In the late 1990s, when I was a student of political science at the University of Turin, I visited prisons throughout Europe to create the documentary photographic project Portraits in Prisons. With my photographic work I sought to overcome the media representation of inmates and try instead to represent each of them as an individual. By involving them in the project, I hoped also to give them a voice.
Like many social science students interested in qualitative research, I was impressed by Howard Becker’s ‘classic’ publications. Digging deeper in his work I ‘discovered’ different papers that helped me connect my photographic practice with my theoretical and empirical interests. In particular, I was influenced by Exploring Society Photographically, a photographic catalogue of an exhibition held in the United States at Northwestern University. This book included the works of social scientists and artists using photography to ‘comprehend society.’ In that catalogue I found, among others, the visual quasi-ethnographic work of Bruce Jackson’s Killing Time: Life in the Arkansas Penitentiary and Good Company: A Tramp Life by Doug Harper, which introduced a new reflexive use of images in the sociological ethnographic field. These are some of the reasons why I started to think of using photography as a tool to study prisoners' perceptions of their life inside for my thesis.
Trying for the first time to obtain access as a researcher
In the end, after two other slightly less formal meetings, I heard no news for about five months until, one day, I received a fax at home from the Italian Prison Service. I had been permitted to start the research, but participant observation was not allowed (although I was allowed to take pictures and to use the pictures I had already). I was also forbidden from inviting inmates to take images using the method of photovoice. I was really upset and wondered whether or not to accept these constraints. I interpreted their prohibition as censorship and I was really tempted to leave the field without getting into it. I was not new to prisons, therefore curiosity was not an incentive for me at all. In the end, however, like others before me, I accepted to work in a constrained position.
As a consequence of this episode, I was ‘locked out’ from prison and everything had to be renegotiated. The pressure of public opinion and all the journalists waiting outside the prison wall made things difficult. I still remember the wrath and anxiety I experienced when the prison officer at the gate of the prison laughed at me when I told him I had permission to start my research and I was there, ready to begin. The officer knew my face and hilariously asked me if I had read the newspapers in recent days. I did notunderstand his comment nor why everything seemed to be so slow and complicated. Then the officer simply told me something like: all visitors must renegotiate all their access and that’s it. This renegotiation took around another seven months. When I finally entered my first time in prison as visual researcher, it was 2000 (see images: 1, 2 and 3). I was already exhausted. The lead up made it clear that formal access should not be taken for granted. Once I was inside, I learned that informal access had to be negotiated and renegotiated on a day-to-day basis with participants on the wing.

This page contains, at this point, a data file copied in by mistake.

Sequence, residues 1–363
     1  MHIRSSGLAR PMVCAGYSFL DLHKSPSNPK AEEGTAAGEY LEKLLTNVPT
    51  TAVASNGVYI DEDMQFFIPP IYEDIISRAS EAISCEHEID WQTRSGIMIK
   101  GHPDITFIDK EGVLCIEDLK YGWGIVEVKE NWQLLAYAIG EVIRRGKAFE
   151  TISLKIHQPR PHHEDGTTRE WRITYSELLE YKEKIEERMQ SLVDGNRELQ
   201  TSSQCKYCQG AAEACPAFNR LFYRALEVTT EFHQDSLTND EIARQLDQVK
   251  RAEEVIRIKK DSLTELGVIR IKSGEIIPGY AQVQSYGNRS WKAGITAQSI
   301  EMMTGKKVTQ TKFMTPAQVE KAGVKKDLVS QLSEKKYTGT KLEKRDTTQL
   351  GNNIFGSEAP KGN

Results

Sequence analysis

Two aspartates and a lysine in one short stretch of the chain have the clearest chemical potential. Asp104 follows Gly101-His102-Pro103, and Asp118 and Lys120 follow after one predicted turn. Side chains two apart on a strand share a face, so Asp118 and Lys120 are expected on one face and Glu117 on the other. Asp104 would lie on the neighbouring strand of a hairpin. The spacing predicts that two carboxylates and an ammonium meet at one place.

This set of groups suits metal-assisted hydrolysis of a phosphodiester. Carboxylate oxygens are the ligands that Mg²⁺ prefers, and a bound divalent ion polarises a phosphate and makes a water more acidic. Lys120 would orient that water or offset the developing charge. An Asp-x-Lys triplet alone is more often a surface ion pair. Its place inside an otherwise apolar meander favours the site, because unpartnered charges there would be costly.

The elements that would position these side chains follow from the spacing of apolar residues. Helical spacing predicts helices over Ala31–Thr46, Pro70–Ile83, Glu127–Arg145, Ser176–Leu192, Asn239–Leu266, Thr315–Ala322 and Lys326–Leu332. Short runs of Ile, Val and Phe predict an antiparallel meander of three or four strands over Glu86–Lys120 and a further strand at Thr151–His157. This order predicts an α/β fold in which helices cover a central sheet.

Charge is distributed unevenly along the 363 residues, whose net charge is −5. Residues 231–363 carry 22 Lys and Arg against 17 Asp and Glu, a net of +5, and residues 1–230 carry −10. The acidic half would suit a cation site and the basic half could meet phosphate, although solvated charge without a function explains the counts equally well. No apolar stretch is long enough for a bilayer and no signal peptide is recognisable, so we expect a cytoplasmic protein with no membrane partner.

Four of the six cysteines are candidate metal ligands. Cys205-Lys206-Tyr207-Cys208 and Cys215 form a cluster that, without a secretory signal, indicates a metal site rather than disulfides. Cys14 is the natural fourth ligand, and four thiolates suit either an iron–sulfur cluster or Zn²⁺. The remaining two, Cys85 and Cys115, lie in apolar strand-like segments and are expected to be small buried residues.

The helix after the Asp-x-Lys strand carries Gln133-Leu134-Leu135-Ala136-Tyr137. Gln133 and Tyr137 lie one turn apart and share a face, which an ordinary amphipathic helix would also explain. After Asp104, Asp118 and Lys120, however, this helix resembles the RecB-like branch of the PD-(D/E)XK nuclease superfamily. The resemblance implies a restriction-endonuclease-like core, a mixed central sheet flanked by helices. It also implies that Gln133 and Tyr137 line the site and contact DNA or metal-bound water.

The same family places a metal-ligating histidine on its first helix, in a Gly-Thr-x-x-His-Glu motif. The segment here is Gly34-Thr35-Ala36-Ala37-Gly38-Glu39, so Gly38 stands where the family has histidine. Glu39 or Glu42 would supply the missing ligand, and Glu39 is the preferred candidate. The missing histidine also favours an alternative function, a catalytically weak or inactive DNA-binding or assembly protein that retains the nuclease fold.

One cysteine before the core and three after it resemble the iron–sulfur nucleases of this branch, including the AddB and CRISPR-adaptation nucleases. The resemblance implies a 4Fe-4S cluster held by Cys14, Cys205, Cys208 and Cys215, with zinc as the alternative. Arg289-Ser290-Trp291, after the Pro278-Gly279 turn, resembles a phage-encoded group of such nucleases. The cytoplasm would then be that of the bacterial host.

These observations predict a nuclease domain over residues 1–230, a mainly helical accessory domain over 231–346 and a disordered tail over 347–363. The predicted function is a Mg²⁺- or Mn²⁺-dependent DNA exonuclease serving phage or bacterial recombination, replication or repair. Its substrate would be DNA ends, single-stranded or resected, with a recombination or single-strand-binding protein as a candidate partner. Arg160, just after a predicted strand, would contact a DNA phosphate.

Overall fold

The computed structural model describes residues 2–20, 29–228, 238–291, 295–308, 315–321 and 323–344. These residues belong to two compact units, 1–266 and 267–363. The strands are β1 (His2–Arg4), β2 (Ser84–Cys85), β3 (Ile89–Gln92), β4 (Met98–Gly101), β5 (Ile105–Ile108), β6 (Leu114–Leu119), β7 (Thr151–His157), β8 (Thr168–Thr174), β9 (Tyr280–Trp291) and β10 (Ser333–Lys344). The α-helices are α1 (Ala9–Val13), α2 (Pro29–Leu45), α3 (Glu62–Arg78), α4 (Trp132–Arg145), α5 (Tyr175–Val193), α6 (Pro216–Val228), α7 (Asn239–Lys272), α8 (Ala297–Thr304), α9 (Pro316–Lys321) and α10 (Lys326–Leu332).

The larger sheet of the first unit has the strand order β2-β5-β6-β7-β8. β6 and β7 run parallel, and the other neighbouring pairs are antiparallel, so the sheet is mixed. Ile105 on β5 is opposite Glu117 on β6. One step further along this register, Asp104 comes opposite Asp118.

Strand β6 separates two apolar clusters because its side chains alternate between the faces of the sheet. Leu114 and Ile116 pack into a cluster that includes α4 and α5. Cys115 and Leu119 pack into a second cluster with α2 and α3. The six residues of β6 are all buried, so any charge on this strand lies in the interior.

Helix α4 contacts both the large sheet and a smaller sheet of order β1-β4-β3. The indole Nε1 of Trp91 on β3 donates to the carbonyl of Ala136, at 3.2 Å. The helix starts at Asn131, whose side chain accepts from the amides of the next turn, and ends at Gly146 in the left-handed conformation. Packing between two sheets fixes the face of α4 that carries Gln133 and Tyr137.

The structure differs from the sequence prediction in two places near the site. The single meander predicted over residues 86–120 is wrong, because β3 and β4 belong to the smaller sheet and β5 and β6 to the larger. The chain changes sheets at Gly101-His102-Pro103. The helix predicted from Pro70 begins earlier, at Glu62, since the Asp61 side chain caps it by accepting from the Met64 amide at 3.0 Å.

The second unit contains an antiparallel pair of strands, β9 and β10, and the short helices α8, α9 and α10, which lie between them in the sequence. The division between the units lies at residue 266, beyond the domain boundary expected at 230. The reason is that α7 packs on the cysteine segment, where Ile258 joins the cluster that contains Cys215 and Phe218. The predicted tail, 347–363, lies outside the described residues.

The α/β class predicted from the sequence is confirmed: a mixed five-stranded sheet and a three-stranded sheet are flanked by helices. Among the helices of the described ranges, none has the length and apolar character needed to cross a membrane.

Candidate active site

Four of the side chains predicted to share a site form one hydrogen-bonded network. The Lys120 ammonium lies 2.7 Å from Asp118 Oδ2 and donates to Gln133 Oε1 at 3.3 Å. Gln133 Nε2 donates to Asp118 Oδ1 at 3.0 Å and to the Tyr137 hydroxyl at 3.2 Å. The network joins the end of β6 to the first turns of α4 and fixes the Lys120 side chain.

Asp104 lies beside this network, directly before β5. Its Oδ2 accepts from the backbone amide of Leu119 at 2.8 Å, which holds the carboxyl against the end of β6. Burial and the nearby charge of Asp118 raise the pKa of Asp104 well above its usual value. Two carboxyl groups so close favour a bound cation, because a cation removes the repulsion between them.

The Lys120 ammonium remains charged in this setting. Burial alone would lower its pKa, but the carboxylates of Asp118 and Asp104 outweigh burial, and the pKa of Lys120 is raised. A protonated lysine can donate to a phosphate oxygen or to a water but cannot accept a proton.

Although in criminology ‘the visual turn’ has only recently entered the academic debate, a significant literature on representations of prisons and punishment has already been published. What it is mostly missing, however, is an effective use of visual methods in ethnographic prison research. What I hope you will take away from this short testimony is threefold. First, visual methods can be a good tool to give a voice (and sometimes a face) to prisoners; whenever possible, we could start to introduce images and sounds in our ethnographies. Second, we need to avoid a naïve approach to the ‘visual turn.’ That is, we should enhance visual competence by investing some time exploring the large literatures regarding photography, film, media, and visual methods.
We need more methodologically reflexive studies on the impact of visual methods in the field: both of the visual observer effect on participants, and of the process of gaining access. In particular, we should try to understand the issue of gaining access for three different groups of actors using images: photographers, ethnographers, and visual ethnographers. Lastly, we should consider whether it makes any sense that representations of immigration detentions centres, forensic hospitals, and prisons are delegated to film directors, movie stars, photographers, and journalists. The obvious answer is no.
It is time to produce a participatory academic visual ethnography that can illuminate a whole host of custodial centres. We need to show (and not only to tell) prisoners families, colleagues, stakeholders, policy makers, and the public what these institutions are like. In so doing, we can contribute a sound and multifaceted understanding of the complexities and difficulties in which both staff and inmates interact on a daily basis.
- Becker HS (1995) Visual Sociology, Documentary Photography and Photojournalism: It’s (Almost) All a Matter of Context, Visual Sociology 10(1-2): 5-15.
- Becker HS (1974) Photography and Sociology, Studies in the Anthropology of Visual Communication 1: 3-26.
- Gariglio L (2010) I visual studies e gli usi sociali della fotografia, Rassegna Italiana di Sociologia 1: 117-140 (abstract in English).
- Harper DA (2012) Visual Sociology. Abingdon: Routledge.
How to cite this blog post (Harvard style):
Gariglio L (2014). Gaining Access to Prison: Authority, Negotiations, and Flexibility in the Field. Available at: http://bordercriminologies.law.ox.ac.uk/gaining-access-to-prison (accessed [date]).